Private institutions cannot open Institutions to provide religious education. Under Article 3 of Law No. 5580 on Private Educational Institutions, "education institutions identical or similar to ones which provide religious education cannot be opened".
Despite declarations by senior officials and AKP members that the Greek Orthodox theological seminary on the island of Heybeliada (Halki) – closed by the state in 1971 - should be re-opened, the government has failed to enable this. The similar 1969 closure of the Armenian Apostolic Church's theological college in Üsküdar has been far less publicised, but its continued closure highlights the long-denied right of all religious or belief communities to run their own training establishments.
The compulsory Religious Culture and Knowledge of Ethics (RCKE) school course continues, including Sunni Islamic religious instruction, even though the ECtHR in Strasbourg and Turkey's Court of Cassation have held that RCKE lessons are incompatible with the country's human rights obligations. In the October 2007 ruling on the Hasan and Eylem Zengin v. Turkey case (Application no. 1448/04), the ECtHR ruled that Turkey should either change the course curriculum or introduce a real possibility of exemptions for all who wanted this.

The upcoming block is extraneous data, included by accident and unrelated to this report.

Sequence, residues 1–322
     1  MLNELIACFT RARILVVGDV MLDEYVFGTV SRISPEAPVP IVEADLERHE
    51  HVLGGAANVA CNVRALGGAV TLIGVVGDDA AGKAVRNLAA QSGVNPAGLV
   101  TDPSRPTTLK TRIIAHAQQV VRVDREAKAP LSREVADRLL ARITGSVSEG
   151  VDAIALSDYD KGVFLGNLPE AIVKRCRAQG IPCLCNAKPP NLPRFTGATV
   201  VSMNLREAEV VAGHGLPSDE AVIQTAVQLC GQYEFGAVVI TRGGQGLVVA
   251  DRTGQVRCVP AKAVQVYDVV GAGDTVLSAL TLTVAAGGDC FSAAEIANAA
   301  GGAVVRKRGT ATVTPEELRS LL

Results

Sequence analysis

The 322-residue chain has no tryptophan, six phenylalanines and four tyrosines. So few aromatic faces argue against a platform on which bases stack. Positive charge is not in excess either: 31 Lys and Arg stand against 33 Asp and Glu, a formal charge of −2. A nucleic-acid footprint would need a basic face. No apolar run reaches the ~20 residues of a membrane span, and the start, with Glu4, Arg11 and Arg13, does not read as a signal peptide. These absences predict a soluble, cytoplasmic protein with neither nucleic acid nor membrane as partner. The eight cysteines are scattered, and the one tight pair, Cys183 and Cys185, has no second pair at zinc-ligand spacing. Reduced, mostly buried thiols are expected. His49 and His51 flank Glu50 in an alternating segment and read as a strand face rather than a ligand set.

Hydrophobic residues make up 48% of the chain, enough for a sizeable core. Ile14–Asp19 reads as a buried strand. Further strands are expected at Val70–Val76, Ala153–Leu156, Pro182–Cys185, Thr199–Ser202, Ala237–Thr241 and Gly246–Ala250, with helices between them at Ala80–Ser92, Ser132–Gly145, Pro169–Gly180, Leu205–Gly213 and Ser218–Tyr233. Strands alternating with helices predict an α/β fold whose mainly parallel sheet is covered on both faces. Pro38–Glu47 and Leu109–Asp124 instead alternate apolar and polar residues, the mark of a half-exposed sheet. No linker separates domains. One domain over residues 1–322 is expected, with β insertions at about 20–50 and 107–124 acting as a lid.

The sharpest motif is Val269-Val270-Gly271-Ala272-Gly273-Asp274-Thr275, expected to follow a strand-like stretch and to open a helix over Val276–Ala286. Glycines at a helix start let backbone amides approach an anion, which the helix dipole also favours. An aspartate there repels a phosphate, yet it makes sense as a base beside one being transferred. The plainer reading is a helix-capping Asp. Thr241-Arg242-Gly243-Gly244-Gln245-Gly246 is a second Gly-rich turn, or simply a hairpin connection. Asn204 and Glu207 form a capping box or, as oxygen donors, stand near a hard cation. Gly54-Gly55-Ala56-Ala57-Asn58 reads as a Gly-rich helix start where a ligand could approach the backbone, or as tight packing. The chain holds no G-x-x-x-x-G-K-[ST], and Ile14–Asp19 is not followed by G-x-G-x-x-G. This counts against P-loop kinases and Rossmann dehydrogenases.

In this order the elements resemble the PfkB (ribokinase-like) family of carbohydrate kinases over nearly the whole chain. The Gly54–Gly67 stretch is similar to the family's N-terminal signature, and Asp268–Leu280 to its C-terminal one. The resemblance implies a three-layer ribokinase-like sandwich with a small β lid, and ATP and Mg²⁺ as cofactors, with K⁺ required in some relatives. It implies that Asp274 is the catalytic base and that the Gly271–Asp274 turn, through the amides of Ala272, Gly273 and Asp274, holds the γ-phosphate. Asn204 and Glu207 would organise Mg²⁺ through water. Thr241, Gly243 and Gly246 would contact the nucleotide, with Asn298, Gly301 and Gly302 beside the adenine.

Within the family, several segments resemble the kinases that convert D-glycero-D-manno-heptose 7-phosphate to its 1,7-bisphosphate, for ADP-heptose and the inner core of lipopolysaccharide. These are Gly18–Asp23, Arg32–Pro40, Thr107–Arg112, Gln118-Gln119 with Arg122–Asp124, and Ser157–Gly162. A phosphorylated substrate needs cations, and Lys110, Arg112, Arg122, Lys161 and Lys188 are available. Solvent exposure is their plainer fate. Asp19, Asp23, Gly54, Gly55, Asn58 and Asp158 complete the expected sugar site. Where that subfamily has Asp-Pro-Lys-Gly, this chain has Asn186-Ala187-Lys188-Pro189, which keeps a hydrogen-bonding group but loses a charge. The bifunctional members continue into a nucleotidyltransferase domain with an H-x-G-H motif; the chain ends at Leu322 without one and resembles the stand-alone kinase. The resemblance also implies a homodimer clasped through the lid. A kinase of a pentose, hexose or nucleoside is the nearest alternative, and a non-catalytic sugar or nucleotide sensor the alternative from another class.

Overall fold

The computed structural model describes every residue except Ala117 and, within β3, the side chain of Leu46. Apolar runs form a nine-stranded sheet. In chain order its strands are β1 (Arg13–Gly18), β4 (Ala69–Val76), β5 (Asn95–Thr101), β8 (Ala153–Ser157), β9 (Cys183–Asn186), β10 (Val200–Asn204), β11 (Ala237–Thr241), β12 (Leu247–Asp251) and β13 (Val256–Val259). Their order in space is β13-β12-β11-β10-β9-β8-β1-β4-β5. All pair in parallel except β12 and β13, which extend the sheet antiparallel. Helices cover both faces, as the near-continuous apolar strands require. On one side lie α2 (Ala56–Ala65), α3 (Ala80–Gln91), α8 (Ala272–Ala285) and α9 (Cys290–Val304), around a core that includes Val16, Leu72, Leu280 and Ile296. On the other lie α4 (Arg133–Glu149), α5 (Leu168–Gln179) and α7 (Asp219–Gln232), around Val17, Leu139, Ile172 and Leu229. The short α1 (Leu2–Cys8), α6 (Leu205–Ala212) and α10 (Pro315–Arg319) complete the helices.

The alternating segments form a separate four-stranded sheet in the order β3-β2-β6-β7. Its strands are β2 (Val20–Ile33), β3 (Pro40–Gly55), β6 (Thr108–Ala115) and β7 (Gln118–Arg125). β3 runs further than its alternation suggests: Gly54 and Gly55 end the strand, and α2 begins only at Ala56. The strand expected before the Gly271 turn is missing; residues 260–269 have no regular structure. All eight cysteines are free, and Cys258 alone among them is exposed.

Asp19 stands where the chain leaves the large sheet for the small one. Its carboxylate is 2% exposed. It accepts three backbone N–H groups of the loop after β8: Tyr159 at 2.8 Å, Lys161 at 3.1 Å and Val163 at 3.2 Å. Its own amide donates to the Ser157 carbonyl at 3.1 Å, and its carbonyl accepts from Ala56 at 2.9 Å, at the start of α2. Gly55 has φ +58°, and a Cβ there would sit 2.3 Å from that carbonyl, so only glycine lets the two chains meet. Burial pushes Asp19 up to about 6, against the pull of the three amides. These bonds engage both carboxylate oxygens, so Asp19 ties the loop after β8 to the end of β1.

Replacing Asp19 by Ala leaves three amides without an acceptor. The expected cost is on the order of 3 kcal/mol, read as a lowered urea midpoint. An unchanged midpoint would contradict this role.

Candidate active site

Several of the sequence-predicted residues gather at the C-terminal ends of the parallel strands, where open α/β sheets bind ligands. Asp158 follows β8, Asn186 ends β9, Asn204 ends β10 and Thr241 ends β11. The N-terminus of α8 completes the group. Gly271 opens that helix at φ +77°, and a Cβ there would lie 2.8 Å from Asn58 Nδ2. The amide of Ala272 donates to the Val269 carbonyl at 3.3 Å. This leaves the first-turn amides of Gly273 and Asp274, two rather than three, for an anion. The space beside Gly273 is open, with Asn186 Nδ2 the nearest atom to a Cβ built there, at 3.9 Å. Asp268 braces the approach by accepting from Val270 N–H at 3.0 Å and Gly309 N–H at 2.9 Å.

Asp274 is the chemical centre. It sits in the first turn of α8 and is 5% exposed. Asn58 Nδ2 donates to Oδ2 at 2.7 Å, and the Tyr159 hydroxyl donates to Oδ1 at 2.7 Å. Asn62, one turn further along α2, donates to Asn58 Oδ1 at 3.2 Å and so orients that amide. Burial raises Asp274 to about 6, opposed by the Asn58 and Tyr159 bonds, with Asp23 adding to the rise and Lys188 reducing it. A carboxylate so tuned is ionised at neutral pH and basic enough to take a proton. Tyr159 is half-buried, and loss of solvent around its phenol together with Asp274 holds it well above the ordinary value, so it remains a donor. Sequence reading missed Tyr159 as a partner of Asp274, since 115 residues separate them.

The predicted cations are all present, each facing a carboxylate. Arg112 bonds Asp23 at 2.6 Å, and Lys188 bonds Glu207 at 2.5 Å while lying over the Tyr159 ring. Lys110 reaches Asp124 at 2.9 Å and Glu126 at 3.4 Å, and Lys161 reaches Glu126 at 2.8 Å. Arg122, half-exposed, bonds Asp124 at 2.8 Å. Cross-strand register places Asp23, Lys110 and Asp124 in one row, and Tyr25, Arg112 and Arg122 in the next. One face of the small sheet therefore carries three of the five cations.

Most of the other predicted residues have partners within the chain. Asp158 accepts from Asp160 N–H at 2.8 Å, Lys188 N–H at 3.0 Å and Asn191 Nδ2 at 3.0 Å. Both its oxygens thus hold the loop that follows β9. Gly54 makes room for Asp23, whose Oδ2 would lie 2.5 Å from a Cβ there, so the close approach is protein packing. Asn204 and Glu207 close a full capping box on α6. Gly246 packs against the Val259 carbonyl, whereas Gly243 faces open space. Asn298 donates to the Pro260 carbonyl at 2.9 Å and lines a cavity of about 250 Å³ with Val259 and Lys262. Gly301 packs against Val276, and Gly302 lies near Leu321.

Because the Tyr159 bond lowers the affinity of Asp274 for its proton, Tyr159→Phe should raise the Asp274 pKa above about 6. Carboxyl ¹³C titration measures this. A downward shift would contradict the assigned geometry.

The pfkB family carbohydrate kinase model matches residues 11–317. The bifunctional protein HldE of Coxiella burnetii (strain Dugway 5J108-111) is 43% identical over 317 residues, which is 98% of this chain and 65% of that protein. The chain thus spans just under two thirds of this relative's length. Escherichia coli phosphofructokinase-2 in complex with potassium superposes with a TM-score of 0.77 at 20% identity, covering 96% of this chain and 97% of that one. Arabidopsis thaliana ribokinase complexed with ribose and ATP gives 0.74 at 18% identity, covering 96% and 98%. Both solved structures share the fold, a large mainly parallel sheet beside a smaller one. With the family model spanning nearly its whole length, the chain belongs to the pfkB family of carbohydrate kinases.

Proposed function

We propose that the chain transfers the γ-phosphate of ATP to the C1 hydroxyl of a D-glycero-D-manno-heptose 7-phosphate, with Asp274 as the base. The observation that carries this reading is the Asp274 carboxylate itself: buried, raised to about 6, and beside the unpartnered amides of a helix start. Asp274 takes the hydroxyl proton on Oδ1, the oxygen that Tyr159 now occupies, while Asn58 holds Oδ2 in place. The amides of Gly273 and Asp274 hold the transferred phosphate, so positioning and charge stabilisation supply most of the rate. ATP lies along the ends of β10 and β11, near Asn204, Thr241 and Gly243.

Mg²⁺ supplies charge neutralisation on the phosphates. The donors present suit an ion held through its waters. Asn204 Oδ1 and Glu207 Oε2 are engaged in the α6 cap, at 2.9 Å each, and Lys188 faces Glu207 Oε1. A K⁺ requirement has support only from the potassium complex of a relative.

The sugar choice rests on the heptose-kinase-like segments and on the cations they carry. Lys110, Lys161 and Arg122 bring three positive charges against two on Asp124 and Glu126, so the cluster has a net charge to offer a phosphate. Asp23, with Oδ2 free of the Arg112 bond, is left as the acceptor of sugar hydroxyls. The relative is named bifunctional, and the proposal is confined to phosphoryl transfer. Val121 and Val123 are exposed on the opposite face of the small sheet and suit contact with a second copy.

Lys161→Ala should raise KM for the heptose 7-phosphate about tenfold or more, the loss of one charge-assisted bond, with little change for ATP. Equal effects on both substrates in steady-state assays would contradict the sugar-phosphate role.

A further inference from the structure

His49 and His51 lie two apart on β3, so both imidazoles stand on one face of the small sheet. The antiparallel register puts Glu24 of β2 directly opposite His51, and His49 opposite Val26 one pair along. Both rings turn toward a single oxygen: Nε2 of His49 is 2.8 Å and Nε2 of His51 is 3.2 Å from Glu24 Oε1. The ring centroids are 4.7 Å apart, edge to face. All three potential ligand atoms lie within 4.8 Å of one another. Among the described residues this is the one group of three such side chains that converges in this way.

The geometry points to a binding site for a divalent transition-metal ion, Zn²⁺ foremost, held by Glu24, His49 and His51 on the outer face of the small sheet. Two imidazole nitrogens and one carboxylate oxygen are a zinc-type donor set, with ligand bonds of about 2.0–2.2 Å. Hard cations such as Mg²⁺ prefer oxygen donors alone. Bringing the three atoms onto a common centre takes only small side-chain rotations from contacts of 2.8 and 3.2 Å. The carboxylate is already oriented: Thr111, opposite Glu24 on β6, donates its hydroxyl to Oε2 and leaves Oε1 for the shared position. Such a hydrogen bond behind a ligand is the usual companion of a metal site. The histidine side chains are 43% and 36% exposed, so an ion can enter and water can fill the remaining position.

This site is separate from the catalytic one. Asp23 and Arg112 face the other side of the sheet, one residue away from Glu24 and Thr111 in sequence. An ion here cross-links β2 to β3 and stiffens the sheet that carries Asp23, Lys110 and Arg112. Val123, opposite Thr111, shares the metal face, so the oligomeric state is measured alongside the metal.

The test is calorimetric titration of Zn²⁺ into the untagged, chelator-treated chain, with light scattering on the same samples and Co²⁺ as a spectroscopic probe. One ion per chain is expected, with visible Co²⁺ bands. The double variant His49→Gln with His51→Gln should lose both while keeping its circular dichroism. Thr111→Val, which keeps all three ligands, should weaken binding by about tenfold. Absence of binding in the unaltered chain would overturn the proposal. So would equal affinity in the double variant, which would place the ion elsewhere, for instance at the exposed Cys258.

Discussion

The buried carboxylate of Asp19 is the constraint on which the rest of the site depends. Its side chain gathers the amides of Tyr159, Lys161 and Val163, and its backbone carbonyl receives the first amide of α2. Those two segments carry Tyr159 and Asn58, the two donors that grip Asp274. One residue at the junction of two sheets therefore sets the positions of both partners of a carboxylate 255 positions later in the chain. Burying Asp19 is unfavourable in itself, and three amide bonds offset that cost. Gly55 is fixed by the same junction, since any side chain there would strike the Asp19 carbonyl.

In 2010 the Education Ministry introduced some changes to the RCKE curriculum and textbooks. But in June 2012 the Reform in Education Initiative found in a report that it is still incompatible with Turkey's human rights obligation to allow parents or legal guardians to raise their children in line with their religious or philosophical views.
Exemptions from the RCKE course are available only for those who can prove – by showing a copy of their identity card - that they are Christian or Jewish. No exemptions are allowed for atheists, agnostics, Islamic minorities, or followers of other faiths such as the Baha'is, Yezidis or Alevis. Choosing exemption from RCKE classes can be difficult even for those who are formally entitled to this, as in practice some children who do gain exemption have experienced ostracism and bullying from other children and discrimination from teachers - particularly in small towns and cities.
In the 2012-13 school year, the AKP introduced additional optional religion courses on the Koran, Basic Religious Knowledge (Islam), and the life of the Muslim Prophet Mohammed. In this first year of these courses some school administrations made them effectively compulsory by not offering other optional lessons due to a lack of teaching staff. Many parents did not feel that they could publicly protest at this, as they did not want their children to be discriminated against. The Education Ministry has taken some action to correct this, but whether these formally optional lessons will become truly optional nationwide remains to be seen.